There is only 1 word that would properly describe the transportation here: NIGHTMARE! :)
There is no real infrastructure here to begin with. Freetown is a port city that stretches across several hills and mountains. In order to get from our hostel to the orphanage we worked with before the ship arrived, we needed to go up and down several times. Originally built for 200,000, the population swelled to around 2 million during and after the civil war. As a result of this the road system has struggled to cope with this huge influx of humanity, causing massive congestion both day and night. Traveling 6km across the city (in the direction of all the beaches and restaurants) can take anything from 20 min. to 3 hours. Added to the fact there are no pavements, means that all the pedestrians and market stalls are on the (very narrow) roads. There are no traffic lights either so all junctions are manned by traffic police who vary somewhat in their effectiveness.
Poda Poda is the public transportation here. These vans usually go between 2 major conjunctions and the price is around 1000Leonean (4500L=1$) so this is indeed the cheapest way to travel. It’s also the slowest, too. A poda poda has 5 rows so 25 people can easily get in. And as we all know there is “always room for one more”, especially in Africa. We had 30 people in our group and somebody mentioned it the other day: “I think it’s a luxury that our team has 2 vans. I have seen more people crammed into 1 van…” (Jeff, you are NOT funny!) :)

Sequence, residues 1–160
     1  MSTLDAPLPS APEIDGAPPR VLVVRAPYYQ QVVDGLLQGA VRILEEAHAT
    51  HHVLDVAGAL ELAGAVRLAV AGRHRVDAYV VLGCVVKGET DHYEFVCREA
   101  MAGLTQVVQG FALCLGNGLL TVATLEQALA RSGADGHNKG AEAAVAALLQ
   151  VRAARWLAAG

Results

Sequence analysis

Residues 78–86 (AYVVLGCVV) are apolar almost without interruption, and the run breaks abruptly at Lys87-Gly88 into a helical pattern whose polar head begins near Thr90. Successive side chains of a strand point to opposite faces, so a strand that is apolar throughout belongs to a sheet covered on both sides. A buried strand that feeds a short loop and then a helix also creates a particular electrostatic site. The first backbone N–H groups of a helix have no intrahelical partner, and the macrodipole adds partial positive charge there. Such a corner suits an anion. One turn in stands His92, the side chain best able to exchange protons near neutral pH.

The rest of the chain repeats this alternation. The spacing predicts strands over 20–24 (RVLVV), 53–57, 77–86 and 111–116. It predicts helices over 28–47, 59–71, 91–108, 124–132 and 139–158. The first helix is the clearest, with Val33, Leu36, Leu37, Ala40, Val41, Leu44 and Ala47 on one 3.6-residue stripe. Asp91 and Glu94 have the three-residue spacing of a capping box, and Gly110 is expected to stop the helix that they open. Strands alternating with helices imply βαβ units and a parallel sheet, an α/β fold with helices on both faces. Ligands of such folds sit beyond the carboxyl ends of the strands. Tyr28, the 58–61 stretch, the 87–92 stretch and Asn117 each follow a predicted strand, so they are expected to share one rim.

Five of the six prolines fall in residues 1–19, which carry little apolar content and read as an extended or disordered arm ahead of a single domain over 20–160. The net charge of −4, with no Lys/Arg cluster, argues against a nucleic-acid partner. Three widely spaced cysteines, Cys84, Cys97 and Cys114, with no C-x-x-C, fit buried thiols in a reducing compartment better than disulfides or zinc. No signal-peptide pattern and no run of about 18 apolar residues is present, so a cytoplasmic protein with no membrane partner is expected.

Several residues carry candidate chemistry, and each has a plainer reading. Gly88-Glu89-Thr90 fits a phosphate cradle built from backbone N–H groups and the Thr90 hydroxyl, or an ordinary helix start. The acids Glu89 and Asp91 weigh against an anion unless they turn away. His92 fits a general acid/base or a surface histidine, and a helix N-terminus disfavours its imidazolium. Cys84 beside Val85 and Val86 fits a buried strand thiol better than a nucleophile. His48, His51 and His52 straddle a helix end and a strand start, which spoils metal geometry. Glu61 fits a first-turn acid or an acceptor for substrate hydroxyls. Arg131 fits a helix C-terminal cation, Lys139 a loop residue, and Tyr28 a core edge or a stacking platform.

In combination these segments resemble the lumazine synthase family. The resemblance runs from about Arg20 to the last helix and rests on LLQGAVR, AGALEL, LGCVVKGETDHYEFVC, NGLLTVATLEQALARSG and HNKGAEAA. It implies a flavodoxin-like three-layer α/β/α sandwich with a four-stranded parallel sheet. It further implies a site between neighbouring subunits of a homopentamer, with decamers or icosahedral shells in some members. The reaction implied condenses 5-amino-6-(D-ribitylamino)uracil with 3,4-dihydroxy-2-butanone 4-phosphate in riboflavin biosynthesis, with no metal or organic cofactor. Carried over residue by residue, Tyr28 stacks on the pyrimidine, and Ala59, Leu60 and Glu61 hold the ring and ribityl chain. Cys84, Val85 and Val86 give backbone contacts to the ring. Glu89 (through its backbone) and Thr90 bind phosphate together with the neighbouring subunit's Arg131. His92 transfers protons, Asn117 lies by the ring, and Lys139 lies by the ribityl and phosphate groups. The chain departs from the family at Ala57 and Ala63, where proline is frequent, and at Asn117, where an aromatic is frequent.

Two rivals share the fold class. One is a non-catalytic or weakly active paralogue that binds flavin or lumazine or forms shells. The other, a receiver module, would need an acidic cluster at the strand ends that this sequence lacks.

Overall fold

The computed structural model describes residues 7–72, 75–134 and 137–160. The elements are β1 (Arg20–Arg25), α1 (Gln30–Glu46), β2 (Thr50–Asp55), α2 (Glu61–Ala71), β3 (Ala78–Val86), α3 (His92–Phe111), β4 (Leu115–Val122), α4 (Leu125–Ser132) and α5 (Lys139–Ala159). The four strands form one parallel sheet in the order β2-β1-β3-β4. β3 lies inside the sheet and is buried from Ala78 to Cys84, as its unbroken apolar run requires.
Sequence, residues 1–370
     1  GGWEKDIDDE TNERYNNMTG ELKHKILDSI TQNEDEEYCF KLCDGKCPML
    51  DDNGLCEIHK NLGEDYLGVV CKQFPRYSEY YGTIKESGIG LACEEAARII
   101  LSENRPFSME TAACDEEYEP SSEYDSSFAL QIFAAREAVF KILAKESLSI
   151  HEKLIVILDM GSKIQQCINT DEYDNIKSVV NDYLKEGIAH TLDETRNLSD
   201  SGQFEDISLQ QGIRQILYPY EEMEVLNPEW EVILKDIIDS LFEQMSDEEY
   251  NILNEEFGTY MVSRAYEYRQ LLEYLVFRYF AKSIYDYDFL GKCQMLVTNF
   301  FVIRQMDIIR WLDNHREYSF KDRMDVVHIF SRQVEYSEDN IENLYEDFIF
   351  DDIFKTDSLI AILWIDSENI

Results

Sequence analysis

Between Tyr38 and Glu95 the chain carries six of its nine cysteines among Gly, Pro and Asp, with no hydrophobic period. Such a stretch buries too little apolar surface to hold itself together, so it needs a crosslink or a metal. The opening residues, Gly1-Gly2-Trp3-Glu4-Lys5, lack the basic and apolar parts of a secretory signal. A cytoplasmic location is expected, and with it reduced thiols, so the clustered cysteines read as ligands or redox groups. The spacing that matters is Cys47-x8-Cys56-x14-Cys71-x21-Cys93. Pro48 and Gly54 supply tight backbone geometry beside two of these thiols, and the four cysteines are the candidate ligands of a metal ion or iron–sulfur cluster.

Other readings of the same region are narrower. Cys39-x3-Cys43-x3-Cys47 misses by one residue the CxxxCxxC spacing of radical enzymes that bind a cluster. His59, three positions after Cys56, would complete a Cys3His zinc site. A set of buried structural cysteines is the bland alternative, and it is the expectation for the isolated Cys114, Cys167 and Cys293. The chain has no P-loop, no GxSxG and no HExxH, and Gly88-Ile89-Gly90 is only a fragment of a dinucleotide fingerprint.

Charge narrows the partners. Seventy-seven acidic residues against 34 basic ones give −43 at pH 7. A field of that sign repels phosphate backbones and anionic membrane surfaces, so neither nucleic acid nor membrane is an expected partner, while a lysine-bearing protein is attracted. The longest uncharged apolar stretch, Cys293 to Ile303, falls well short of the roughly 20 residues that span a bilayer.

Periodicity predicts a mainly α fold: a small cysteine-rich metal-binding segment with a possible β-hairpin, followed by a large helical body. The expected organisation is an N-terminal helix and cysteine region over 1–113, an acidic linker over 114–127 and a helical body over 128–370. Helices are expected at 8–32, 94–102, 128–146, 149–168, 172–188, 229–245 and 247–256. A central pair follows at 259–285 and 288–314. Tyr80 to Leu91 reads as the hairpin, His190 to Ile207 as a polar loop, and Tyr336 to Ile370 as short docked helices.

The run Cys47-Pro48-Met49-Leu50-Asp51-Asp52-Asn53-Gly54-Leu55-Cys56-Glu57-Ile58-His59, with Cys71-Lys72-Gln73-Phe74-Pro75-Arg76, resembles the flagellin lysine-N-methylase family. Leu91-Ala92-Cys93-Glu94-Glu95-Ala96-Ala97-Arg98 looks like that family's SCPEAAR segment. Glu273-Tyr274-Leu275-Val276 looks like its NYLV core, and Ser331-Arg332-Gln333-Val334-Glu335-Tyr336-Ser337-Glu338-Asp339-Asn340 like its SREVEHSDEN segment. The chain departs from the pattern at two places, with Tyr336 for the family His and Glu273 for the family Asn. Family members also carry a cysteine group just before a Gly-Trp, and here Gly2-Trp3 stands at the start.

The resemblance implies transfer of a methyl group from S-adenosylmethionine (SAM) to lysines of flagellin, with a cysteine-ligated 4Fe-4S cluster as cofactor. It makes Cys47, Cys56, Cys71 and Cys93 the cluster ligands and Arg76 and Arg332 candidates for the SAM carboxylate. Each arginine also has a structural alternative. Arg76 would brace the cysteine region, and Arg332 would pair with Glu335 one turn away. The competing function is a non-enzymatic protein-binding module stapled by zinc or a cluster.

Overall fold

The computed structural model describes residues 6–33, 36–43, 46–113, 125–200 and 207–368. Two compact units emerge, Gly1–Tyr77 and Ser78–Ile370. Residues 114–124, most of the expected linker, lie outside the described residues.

Our Poda Poda driver was pulled over for breaking the African traffic laws a few days ago. Apparently those exist. His punishment: to sit in "Time-out" for 30 minutes while all the cars he illegally passed, caught up and passed us on the side of the road.
The lowest rank within the police force is the traffic instructor. The poda poda drivers called them "my wife". When I asked why, he smiled and said that they act just like a wife: "you give them some money every morning and in return they turn the other way each time you break a traffic law"... :)
Taxis are fun to try, but they also get stuck in traffic. In western countries you normally have 3 pedals under your feet: accelerator, break and a clutch. Here they have the accelerator and ANOTHER accelerator and the horn! :)
Motorbikes (okadas) are the fastest way to get around; that is only if you are willing to sit behind those crazy bikers who risk their lives every minute. In Sierra Leone they have to ride on the inside of the road unlike in western countries where they have either a separate road or a slow lane close to the sidewalk.
Walking is another alternative. Here the challenge comes in the form of heat. The temperature is at least 100F° (40C°) nowadays and for the next couple of month it will only rise. Not to mention that during the dry season (November-April) there is NO rain and hardly any clouds in the sky so it IS really hot!
Oh, and then there are the hand carts, wheelbarrows (used to move around products) and many more to contend with... :) It sure makes for some interesting driving.